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What if Hitler decided to try again for Moscow during the summer of 1942 rather than plunging the Wehrmacht deep into the Caucasus and Stalingrad as he did historically? Operation Kremlin uses the corps-army level units that were historically available for this campaign. The German player is on the offensive, seeking to win by controlling Moscow and other key cities. The Soviet player, though mostly defending, must watch for opportunities to deliver counterattacks against the Germans in order to inflict a decisive defeat upon them or upset the Axis alliance.
Operation Kremlin's orders of battle are extrapolated from both sides' historic organizational charts of mid to late 1942. The Germans have the units which composed Army Group Center on 28 June 1942, along with all the panzer corps that were deployed elsewhere on the Russian Front. Manstein's 11th Army enters as reinforcement once Sevastopol falls. The Germans also have the Axis satellite armies, on the assumption that their own governments would have wanted to be able to claim participation in this "final and decisive" campaign in Russia.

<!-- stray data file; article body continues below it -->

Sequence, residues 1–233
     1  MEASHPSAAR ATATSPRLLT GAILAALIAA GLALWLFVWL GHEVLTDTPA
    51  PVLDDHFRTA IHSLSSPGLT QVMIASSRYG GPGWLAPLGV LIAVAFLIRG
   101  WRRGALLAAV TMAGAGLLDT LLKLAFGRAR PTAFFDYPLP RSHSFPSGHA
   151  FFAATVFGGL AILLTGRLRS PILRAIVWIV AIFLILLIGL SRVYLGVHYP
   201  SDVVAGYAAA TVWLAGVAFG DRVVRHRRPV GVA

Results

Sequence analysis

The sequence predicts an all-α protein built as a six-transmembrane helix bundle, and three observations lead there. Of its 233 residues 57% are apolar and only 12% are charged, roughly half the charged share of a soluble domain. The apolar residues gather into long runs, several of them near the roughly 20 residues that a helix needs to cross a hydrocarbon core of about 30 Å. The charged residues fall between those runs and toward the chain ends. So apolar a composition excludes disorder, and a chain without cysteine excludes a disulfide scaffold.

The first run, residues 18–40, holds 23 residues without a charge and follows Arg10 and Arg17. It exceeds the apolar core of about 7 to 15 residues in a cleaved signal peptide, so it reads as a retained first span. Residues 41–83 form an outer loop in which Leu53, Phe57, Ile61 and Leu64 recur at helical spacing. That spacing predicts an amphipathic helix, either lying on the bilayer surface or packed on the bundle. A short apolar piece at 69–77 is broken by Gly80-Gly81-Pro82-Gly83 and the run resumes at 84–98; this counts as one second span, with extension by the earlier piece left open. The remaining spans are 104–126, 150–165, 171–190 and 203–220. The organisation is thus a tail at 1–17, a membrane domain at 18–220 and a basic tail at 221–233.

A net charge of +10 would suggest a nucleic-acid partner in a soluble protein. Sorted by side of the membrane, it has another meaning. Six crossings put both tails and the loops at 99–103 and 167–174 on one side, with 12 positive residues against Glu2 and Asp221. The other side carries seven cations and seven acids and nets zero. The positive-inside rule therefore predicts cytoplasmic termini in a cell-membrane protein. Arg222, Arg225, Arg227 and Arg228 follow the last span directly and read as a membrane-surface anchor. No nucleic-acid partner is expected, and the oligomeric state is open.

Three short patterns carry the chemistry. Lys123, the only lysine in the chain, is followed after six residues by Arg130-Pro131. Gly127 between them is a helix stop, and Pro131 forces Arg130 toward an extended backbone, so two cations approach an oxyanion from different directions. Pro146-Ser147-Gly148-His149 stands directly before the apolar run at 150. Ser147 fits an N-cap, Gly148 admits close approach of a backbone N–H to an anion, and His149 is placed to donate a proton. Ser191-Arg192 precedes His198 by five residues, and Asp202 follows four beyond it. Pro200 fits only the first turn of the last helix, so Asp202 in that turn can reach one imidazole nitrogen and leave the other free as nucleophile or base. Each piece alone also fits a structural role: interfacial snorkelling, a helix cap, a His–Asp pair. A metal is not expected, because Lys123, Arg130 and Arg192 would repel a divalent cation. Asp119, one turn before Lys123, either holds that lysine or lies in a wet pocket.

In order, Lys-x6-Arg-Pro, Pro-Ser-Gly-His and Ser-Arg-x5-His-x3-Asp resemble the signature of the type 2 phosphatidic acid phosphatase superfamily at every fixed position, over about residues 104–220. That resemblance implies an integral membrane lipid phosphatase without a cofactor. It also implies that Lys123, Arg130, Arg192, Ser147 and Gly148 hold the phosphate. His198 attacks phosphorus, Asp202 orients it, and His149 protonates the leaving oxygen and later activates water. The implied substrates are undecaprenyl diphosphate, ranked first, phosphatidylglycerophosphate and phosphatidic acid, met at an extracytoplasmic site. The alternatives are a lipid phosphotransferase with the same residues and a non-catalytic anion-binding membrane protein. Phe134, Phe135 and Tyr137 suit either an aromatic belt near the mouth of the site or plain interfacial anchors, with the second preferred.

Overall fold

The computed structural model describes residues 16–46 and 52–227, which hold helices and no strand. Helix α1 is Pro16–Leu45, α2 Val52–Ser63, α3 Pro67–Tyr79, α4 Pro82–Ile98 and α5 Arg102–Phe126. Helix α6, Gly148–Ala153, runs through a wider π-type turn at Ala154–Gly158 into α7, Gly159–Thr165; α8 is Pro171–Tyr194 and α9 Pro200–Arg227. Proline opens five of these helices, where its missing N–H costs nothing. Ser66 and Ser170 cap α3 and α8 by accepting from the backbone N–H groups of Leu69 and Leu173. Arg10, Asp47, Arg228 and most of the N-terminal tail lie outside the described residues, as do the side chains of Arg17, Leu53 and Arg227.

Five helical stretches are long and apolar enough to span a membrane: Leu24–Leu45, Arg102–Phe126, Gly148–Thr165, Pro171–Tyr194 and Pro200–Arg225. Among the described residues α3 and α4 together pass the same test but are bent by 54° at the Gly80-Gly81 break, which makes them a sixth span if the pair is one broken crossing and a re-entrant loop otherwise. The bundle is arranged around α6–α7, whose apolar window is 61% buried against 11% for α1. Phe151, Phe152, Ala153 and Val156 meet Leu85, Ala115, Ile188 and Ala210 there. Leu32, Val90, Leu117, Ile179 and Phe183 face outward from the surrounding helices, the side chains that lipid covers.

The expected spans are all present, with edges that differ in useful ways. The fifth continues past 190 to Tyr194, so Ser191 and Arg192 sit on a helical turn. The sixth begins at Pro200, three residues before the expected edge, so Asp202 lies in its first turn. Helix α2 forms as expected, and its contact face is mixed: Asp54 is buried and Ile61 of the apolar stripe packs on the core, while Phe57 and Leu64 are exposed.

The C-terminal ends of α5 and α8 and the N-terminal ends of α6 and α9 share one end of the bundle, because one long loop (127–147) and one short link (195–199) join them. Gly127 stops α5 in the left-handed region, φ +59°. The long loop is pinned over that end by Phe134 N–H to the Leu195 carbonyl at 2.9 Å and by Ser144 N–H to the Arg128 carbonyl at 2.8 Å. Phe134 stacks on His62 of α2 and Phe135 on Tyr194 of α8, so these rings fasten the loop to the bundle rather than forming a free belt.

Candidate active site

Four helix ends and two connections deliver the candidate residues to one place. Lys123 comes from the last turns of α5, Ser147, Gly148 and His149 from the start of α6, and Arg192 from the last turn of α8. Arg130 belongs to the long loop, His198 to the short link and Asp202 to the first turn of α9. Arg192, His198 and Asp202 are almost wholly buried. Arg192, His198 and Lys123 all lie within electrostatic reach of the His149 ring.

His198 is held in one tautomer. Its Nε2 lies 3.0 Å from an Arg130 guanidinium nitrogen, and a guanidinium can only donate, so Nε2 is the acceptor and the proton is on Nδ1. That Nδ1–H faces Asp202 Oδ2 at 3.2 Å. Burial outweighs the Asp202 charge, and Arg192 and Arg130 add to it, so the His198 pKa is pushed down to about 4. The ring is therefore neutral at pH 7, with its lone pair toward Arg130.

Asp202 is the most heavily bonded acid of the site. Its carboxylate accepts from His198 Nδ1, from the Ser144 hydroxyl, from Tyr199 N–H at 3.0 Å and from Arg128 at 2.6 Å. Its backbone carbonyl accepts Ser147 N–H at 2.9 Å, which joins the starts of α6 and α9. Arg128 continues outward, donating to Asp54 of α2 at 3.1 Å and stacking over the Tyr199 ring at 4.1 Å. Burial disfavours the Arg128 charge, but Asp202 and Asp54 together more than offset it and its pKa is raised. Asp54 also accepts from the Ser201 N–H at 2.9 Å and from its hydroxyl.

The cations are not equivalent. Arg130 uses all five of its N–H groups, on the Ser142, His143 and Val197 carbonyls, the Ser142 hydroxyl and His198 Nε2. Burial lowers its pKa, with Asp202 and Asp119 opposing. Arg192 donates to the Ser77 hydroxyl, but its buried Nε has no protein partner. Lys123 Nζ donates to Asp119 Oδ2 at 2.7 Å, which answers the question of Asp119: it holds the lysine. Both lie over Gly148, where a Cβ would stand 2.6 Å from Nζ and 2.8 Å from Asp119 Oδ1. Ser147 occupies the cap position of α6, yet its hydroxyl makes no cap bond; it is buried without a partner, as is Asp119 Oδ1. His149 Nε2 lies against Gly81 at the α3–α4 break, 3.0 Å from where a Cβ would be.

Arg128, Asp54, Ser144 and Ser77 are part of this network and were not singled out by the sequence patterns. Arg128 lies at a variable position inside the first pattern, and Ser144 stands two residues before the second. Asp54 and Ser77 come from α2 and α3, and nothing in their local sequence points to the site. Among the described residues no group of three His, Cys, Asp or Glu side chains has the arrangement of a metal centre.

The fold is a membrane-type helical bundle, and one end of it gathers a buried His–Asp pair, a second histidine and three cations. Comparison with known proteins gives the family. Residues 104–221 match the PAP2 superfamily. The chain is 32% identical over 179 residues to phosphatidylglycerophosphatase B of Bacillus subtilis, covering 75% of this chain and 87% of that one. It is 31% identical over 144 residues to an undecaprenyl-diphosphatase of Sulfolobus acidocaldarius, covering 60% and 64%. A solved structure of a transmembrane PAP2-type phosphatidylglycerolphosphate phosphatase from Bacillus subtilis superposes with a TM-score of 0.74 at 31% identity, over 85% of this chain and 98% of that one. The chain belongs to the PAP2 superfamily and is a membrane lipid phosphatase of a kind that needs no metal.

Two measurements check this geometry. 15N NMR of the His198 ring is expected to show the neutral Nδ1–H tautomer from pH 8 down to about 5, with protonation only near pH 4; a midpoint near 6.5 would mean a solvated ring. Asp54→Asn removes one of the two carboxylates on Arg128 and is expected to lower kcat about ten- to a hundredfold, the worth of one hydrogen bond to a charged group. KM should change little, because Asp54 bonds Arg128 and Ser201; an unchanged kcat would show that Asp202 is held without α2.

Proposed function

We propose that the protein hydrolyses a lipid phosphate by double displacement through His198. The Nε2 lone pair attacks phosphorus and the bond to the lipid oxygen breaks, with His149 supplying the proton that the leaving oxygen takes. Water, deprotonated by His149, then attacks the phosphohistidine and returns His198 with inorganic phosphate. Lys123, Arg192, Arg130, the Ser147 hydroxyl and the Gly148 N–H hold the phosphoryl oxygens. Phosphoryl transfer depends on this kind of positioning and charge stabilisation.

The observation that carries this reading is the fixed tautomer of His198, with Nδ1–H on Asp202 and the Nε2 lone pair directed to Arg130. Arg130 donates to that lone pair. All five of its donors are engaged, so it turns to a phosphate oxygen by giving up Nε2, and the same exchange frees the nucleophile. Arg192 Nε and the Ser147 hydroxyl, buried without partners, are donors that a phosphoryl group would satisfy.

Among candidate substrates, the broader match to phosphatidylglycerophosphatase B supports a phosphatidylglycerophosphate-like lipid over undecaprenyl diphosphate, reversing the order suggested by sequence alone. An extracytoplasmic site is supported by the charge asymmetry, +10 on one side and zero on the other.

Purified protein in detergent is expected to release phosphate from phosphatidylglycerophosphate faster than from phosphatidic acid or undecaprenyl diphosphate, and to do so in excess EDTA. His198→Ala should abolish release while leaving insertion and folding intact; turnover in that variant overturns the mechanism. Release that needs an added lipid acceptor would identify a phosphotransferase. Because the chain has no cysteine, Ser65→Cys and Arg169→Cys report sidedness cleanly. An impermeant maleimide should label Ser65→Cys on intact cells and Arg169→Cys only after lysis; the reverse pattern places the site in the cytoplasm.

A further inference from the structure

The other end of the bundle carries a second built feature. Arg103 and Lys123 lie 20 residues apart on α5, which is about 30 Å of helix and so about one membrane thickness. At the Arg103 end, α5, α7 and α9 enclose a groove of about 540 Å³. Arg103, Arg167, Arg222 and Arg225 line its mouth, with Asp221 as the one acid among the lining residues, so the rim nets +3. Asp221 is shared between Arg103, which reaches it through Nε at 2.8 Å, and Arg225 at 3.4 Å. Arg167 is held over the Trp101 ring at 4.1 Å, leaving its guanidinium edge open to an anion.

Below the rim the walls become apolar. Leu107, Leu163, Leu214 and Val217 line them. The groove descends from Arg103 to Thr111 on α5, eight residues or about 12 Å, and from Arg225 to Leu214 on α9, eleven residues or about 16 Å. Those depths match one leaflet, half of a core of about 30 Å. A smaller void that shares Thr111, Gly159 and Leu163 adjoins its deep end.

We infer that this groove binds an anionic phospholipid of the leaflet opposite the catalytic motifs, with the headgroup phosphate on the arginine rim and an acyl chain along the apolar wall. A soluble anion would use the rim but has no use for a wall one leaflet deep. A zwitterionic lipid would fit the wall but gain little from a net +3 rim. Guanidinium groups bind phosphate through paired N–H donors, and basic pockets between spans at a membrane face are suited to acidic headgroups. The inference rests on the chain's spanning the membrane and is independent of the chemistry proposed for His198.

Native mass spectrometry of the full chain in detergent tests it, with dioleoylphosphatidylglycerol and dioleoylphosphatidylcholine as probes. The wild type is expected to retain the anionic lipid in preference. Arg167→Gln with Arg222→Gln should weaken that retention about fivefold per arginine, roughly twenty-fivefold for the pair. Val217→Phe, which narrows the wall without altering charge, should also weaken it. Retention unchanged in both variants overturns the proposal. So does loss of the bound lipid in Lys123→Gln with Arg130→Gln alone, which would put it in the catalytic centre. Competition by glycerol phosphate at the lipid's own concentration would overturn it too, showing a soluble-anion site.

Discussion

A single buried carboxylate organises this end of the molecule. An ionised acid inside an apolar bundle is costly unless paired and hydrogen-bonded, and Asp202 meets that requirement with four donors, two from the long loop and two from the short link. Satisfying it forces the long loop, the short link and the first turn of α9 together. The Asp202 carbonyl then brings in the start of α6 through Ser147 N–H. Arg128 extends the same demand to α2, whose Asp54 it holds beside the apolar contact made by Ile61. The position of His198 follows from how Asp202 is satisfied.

The Soviet order of battle is based on their front line deployment of 28 June, along with all their operational and strategic reserves, plus just about everything they generated in the way of replacements and reinforcements during the time period of the historic Stalingrad campaign.
Each hex represents approximately 10 miles (16.2 kilometers) from side to side. Airpower is represented abstractly, representing the effects of one side or the other having local air superiority. Each full game turn represents one week.
Operation Kremlin gives wargamers the opportunity to discover what would have happened had the Germans struck for Moscow in 1942. Was this the last great chance for the Third Reich to win in the East? Or would it have led to an even greater "Stalingrad?"